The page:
Intercultural Perspectives on Family Counseling, Dr. Brain Canfield, Editör, Routledge, London/New York , New-York, ss.150-170, 2020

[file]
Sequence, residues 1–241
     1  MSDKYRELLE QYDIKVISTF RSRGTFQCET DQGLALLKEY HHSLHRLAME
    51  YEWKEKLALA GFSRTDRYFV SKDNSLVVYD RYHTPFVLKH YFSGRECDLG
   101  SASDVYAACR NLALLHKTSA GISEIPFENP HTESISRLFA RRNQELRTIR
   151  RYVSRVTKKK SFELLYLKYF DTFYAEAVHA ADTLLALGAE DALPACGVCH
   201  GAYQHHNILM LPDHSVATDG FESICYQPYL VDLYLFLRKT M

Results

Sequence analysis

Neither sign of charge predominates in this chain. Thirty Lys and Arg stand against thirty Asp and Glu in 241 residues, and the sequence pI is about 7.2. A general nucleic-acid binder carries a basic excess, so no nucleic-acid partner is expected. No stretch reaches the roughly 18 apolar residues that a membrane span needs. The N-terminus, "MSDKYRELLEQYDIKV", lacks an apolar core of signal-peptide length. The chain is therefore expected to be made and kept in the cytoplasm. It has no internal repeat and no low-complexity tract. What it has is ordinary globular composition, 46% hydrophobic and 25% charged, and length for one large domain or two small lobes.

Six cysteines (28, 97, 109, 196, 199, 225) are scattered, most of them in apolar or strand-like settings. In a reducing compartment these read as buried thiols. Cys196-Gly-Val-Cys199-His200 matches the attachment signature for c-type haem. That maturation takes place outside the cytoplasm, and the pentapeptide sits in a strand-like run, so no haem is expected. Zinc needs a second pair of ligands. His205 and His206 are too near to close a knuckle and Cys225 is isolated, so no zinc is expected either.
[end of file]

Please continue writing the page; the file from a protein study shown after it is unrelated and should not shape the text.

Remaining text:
Individualism and collectivism are the two cultural dimensions used to analyze individuals’ social systems, morality, religion, cognitive differentiation, cultural patterns, values, and the embedded self versus the autonomous self (Triandis, 1993). Different than the case in the individualist society, in the collectivist societies, social behavior is predicted from norms, obligations, and responsibilities, and relationships are considered to have the greatest importance for individuals, even if these relationships interfere with personal benefits (Rasheed, 2015). It is important to note that in some cultures people may fall along a continuum, as they are not completely individualist or collectivist. The Saudi culture used to be purely collectivist, however, in the recent years, the new generation in the Saudi society can be described as close to collectivist, but not purely collectivist, which means that those individuals start to depend more on themselves with little boundaries of their own. This slight shift is causing a disturbance in the relations of across generations, as more and more youth in Saudi Arabia has started to present certain individualistic values and behaviors.